As health improvements and industrialisation come to developing countries, they also start to adopt what are considered ‘western habits’ such as smoking, less physical activity and a diet rich in fats and fast foods. People in developing countries suffer less infectious diseases (although this is by no means a problem solved) and so live longer. All these facts work together to make cardiovascular disease a major problem in the developing world, and one that is getting worse.

    The full article here:
    http://www.cardiacmatters.co.uk/facts-f ... dwide.html
     
  13. jopar

    jopar · Well-Known Member

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    Atkins diet is pretty on the high fatty side, not sure what version you’ve got, but Atkins has now been up-dated, with restrictions on some fats and proteins and increased carb amounts to aim for, so for all those who deem any evidence invalidated have to ask why have Atkins diet been revamped, fat cut back and carbs increased?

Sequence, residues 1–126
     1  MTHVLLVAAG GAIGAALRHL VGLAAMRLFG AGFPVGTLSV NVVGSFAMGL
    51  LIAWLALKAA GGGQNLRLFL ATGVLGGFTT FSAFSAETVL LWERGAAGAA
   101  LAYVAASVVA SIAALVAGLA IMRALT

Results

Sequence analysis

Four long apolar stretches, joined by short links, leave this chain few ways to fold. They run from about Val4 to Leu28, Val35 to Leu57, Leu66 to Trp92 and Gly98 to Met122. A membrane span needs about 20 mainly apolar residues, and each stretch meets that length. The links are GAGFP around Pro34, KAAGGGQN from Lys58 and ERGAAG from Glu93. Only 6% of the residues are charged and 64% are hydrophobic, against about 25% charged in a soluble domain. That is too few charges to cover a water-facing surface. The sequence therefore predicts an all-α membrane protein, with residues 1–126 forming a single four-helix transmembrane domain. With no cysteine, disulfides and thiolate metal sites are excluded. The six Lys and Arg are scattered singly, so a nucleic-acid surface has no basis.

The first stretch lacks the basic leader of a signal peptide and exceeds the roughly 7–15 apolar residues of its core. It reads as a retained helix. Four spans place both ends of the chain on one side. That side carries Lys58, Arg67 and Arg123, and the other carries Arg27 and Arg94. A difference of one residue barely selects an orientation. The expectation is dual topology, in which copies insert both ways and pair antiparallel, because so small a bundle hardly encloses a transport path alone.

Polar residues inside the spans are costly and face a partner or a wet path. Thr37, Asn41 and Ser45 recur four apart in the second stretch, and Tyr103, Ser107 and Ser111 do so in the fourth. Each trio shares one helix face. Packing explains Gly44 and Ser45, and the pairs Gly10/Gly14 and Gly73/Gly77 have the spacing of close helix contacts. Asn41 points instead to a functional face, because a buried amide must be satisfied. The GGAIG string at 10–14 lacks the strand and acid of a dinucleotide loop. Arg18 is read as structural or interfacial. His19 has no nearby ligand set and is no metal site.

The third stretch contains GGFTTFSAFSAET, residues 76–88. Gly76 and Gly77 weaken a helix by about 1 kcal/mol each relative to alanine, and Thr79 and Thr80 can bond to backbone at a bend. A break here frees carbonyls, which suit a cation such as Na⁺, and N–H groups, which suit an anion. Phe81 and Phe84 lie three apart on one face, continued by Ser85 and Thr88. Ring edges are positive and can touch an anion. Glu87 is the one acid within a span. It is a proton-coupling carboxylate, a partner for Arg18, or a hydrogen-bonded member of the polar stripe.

If you need to lose weight and control BG’s, then one of the best ways of doing this, is to work out how many carbs/calories you are actually eating, then look at ways of reducing this amount as it is likely over all to be a tad too much for your individual needs (500 excess calories can create a 1Lb of fat) then you use your meter to test the effects of what you’ve chosen to eat... Then you can work out what does and doesn’t work for you on the diabetic front...

    What works, you can carry on eating, if it doesn’t then you can look at further ways of adapting or changing so it suits (could be just eating a smaller portion) if it ends up on the NO list, then you know why a lot easier to except and change your eating habits, the biggest problem with blindly following an diet plan, is actually maintaining it over long periods of time if you are not comfortable with the new set of eating habits... So far better to work out your own individual plan that works for you...